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SMART Protein Modeling

SMART Project Protein Structure and Folding: The WSSP has teamed up with the Center for BioMolecular Modeling to provide students with the opportunity of creating a physical model of a homolog of one of the proteins that was identified in the screen of the cDNA library. The WSSP will pay for the costs for one model for each school.  Schools can do more than one model if they provide additional support ($250/model) to cover the costs of printing the structure. High Schools wishing to create a physical model of their protein need to provide the following information by e-mail to Susan Coletta:

1. A .doc file with the following information
  a. School name
  b. Names of students participating in the project
  c. Name of teacher who worked with the students
  d. Protein Data Bank (PDB) file name (e.g. 1A3N.pdb)
  e. Name of the protein modeled (e.g. Hemoglobin) NOTE: This cannot be the clone that was modeled at the summer Institute.
  f. Primary citation associated with the pdb file (e.g. Tame, J.R., Vallone, B. (2000) The structures of deoxy human haemoglobin and the mutant Hb Tyralpha42His at 120 K. Acta Crystallogr.,Sect.D 56: 805-811)
  g. Name of the clone from the cDNA library you have annotated that corresponds to the protein you have modeled. (e.g. Clone 20XY23.10)
  h. A blast2 sequence alignment between the your protein and the protein that was used to determine the structure you are modeling
  i. A description of the function of the protein you have modeled. What does the protein do in the cell or organism (e.g. glycolysis, protein translation, etc.)? Does it have a specific enzymatic activity (e.g. kinase, nuclease, etc)? What other proteins may it interact with? When is it likely expressed (e.g. in all cells all the time, just a subset of cells at specific times during development, etc)?
  j. A description of the color scheme you have used - including features you have highlighted. This may be a color scheme that: indicates identical or similar residues as predicted by the sequence alignments; the active site of the protein; structural components such as alpha helices and beta-strands; etc. If the protein sequence from the database is strongly conserved with your protein, you may want to highlight the differences.
2. JMol .jpg Script file (e.g. 1A3N.jpg)
3. Protein Data Bank (PDB) file (e.g. 1A3N.pdb or 1A3N.txt if you modified the file and used that to make your model)
4. A copy (.pdf) of the paper that used

To get started: A video of how to get started is here.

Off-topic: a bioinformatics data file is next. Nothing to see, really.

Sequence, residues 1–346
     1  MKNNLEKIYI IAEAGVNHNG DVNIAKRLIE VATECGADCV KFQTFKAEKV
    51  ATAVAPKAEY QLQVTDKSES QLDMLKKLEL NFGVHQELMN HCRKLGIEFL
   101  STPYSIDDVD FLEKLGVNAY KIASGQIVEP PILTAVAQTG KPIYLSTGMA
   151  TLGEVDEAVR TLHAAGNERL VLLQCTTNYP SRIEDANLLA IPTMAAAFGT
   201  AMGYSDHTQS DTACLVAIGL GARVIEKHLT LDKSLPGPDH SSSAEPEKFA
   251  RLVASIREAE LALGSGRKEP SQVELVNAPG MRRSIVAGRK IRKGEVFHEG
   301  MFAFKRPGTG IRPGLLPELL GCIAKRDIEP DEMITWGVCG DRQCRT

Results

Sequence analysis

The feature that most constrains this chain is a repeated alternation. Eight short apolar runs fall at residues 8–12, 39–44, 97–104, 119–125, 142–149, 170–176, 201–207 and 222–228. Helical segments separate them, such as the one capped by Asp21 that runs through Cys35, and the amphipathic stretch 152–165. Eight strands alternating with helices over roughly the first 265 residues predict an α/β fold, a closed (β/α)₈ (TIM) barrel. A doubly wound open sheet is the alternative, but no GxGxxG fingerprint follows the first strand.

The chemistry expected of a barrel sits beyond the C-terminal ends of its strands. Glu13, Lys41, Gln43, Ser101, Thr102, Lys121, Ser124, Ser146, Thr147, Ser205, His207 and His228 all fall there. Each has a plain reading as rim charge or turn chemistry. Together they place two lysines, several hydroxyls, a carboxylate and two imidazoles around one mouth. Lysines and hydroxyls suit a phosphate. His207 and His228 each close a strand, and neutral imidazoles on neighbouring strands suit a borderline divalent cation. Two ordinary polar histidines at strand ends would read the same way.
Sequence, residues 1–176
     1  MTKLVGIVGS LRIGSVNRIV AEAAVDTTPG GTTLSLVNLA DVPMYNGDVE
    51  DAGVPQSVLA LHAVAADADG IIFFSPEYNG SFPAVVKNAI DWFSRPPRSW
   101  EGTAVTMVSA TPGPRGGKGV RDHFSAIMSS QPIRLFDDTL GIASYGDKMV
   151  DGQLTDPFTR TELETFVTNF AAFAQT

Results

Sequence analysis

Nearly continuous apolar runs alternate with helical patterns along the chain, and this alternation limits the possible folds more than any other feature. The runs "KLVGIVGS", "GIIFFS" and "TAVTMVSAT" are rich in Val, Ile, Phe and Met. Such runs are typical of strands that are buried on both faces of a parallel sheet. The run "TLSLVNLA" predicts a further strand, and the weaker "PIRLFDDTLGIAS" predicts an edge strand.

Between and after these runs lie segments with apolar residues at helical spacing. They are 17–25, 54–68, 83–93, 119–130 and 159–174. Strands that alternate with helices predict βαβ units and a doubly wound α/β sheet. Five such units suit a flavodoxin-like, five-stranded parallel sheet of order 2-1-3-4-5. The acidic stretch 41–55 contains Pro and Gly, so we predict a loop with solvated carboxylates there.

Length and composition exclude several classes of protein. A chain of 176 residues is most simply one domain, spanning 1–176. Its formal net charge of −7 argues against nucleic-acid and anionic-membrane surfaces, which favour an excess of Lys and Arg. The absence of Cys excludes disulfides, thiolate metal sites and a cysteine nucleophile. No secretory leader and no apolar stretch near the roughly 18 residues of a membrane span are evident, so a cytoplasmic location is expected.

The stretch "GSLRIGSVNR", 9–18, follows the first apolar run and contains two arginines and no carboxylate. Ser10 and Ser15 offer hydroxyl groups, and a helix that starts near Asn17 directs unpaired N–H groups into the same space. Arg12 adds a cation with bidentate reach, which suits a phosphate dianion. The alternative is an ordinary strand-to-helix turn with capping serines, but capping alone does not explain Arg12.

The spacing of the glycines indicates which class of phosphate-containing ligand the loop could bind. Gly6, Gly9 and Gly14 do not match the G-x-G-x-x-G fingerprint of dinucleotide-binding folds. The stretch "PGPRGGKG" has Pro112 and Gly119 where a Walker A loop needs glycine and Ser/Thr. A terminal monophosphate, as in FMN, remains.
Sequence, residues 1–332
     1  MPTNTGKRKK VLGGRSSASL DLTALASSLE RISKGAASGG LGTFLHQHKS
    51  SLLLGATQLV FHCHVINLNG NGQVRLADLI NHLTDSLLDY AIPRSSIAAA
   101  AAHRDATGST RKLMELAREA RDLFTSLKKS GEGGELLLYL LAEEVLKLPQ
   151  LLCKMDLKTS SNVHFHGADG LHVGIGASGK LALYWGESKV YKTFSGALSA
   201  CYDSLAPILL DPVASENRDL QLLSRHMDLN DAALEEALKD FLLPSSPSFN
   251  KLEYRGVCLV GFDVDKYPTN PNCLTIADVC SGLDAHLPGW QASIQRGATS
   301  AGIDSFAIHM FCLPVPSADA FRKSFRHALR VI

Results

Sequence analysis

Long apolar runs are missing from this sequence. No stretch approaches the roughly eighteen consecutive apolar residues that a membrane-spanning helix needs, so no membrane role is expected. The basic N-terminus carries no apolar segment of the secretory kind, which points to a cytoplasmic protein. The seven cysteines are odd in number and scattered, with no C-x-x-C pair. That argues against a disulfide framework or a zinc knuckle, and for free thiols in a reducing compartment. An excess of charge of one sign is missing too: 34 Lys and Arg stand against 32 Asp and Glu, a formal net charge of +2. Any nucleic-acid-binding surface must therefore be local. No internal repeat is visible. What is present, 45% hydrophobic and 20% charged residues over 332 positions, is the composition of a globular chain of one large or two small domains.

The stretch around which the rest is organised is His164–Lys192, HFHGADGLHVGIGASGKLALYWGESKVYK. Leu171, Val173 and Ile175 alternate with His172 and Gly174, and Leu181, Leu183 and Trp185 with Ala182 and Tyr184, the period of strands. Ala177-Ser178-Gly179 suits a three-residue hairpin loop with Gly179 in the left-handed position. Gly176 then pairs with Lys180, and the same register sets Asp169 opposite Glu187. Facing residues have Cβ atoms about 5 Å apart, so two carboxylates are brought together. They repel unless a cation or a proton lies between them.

1. Students who have identified a clone from the cDNA library that codes for a full or partial protein should first search if a structure of a homologous protein has been determined by x-ray crystallography of NMR. This can be done by performing a NCBI BLASTP search with the predicted protein sequence from their clone and then examining if any of the matches that were identified in the Conserved Domain Database (CDD) contain structures (see lecture notes on CDD). Alternatively the students can search the Protein Data Bank (PDB) for the structure.

2. Perform a BLAST2 sequences alignment between the predicted protein sequence from the Wolffia clone and the protein sequence of the protein you will be modeling. This alignment is helpful to identify conserved residues on the structure model.

3. Download the pdb file (e.g. 1A3N.pdb) with the coordinates of the protein structure and use a version of the Download Jmol program that has been designed to create the physical models using Rapid Prototyping technology.  Zincfinger.pdb

4. Students should use the commands in Jmol to create a script file that will display the protein using the format features (spacefill, backbone, etc) and the colors they prefer. A color scheme may be used that indicates identical or similar residues as predicted by the sequence alignments; the active site of the protein; etc. If the protein sequence from the database is strongly conserved with your protein, you may want to highlight the differences. Please do not just highlight the helices and strands- this does not tell us much about the protein.

Note: Cartoons and strands don't build well.  Backbone, Wireframe and Spacefill work well (see sizes below).  Spacefill doesn't really show the protein structure well, just the overall shape.  It depends on what you are trying to show.  A typical structure may show a backbone model with few selected sidechains in ball and stick.  

Standard sizes that build well:
Backbone 1.5
Wireframe 1.0
Spacefill 1.25
hbonds 1.0
Struts 1.0

The commands wireframe and spacefill combined give a ball and stick.

Also, it is important when doing sidechains to use the command:
select *** and (sidechain or alpha)
where *** is the amino acid number
Otherwise you get a bumpy backbone.

There's a new tutorial at: http://cbm.msoe.edu/stupro/crest/resources.html (only available in IE).  It covers all the important information for building a model.

Jmol Training Guide - Below are resources to help with creating a model using RasMol. The RasMol Training Guide was developed by Shannon Colton at the Center for BioMolecular Modeling. Additional information can be found on the CBM JMol Resource Page

Jmol Color Guide: This provides a quick reference to the color options commands you may need to use in developing a Jmol image.